Lightning McQueen, now facing the perils of being past his prime, returns in a touching sequel that gets the series back on track.
“Cars,” back in 2006, was the first Pixar movie that was far more beloved by audiences than critics. That meant something, since Pixar had long been a critical darling. The movie struck many reviewers as being less heady and artful, more insistently conventional, than the “Toy Story” films or “Finding Nemo.” And after it was followed up by the critically revered triple whammy of “Ratatouille,” “WALL-E,” and “Up,” “Cars” languished, in reputation, as a “lesser” Pixar movie. Yet it found a deep place in the hearts of kids (and in many adult kids too), and the critics, in my view, were always too down on its shiny and sentimental off-the-beaten-track-of-Americana appeal.
It was clear that the co-director of “Cars,” the founding Pixar guru John Lasseter, felt close to the film and even protective of it, so five years later, when he made “Cars 2,” you can sort of understand why he shot the works. The sequel, with its globe-trotting chases and Rube-Goldberg-on-STP narrative that wound up spinning, almost deliberately, out of control, was a true Pixar oddball: a piece of candy-colored virtuosity that sent cars flying off in every direction, to the point that you could scarcely keep track of them. It was one of the most visually astonishing films in the Pixar canon and, at the same time, one of the most impersonal. Lasseter had upped the ante on “Cars” by making a work of technological pop art that it was almost impossible to care about. The movie was a commercial success, yet it seemed to leave the legacy of Lightning McQueen lying in the dust of eye-tickling dazzle.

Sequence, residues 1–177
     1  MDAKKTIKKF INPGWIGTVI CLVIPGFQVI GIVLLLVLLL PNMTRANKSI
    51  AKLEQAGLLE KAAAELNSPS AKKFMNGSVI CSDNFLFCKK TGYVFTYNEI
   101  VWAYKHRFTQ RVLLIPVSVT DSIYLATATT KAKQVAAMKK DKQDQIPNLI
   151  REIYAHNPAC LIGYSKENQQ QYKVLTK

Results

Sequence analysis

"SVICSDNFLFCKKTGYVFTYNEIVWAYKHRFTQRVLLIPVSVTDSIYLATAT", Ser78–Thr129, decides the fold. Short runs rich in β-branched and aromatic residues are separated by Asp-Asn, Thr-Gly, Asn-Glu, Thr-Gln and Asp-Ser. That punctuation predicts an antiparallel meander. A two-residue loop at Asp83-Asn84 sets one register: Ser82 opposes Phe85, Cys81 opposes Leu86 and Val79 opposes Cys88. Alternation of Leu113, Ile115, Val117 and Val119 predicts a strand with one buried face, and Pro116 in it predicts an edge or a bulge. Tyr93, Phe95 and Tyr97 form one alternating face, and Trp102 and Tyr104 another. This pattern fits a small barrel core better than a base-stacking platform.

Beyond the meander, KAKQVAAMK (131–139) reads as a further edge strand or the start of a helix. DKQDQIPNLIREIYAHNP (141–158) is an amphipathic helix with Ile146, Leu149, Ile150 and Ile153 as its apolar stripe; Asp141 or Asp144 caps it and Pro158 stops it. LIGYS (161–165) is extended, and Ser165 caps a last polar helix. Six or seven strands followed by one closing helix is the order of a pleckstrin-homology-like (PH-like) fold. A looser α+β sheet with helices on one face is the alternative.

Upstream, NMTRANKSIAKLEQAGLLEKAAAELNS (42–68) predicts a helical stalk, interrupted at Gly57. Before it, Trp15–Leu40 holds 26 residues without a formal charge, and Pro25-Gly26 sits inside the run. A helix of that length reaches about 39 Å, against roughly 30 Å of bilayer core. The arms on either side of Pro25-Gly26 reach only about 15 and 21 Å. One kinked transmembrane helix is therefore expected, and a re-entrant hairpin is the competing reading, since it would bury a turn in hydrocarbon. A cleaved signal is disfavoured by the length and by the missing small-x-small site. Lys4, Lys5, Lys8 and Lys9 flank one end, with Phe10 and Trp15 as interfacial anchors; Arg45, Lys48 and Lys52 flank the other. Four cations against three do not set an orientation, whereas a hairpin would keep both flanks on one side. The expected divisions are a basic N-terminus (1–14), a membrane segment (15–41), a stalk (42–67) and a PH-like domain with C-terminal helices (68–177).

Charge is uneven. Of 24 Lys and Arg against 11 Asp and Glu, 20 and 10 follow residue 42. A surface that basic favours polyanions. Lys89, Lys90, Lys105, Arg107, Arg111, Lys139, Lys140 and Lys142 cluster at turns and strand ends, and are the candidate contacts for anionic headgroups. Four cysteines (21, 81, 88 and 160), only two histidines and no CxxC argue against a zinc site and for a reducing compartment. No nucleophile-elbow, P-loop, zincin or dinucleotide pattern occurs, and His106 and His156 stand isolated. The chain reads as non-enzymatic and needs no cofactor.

“Cars 3,” though, pointedly swings the pendulum back. Lasseter, with “Cars 2,” may have made the movie he wanted to make, but as Pixar’s chief creative officer, he surely registered the mixed reaction to it, and “Cars 3” feels like it has been conceived and directed, with scrupulous love and affection (and a bit of baseline corporate calculation), “for the fans.” It’s the first “Cars” film that Lasseter has handed off to one of his trainee/protégés — Brian Fee, who has never directed a feature before. Fee honed his chops as a storyboard artist, working on “Ratatouille” and the two previous “Cars” films, and what he’s come up with is an exceedingly sweet and polished fable that unfolds with a kid-friendly, by-the-book emotional directness. The CGI animation has a detailed lush clarity highly reminiscent of “Ratatouille,” and the picture moves at such an amiable pace that even the drawling, dawdling pick-up-truck doofus Tow Mater (Larry the Cable Guy) doesn’t slow it down.
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